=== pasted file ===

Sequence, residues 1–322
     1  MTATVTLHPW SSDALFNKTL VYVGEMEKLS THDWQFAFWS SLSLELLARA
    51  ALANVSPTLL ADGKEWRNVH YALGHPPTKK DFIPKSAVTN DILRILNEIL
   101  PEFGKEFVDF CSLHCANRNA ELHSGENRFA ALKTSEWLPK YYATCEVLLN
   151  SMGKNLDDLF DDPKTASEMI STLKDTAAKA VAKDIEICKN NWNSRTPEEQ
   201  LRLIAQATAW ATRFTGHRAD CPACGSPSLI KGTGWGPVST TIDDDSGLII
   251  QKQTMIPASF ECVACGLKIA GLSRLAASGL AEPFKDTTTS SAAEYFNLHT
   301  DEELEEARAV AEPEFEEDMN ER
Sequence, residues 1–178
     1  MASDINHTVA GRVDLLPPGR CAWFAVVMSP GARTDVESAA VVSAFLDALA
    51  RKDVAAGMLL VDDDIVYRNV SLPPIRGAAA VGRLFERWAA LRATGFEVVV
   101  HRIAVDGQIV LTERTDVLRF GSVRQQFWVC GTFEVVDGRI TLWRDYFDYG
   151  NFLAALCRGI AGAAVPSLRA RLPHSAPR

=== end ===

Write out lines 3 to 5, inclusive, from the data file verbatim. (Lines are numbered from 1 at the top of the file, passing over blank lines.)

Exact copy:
    51  ALANVSPTLL ADGKEWRNVH YALGHPPTKK DFIPKSAVTN DILRILNEIL
   101  PEFGKEFVDF CSLHCANRNA ELHSGENRFA ALKTSEWLPK YYATCEVLLN
   151  SMGKNLDDLF DDPKTASEMI STLKDTAAKA VAKDIEICKN NWNSRTPEEQ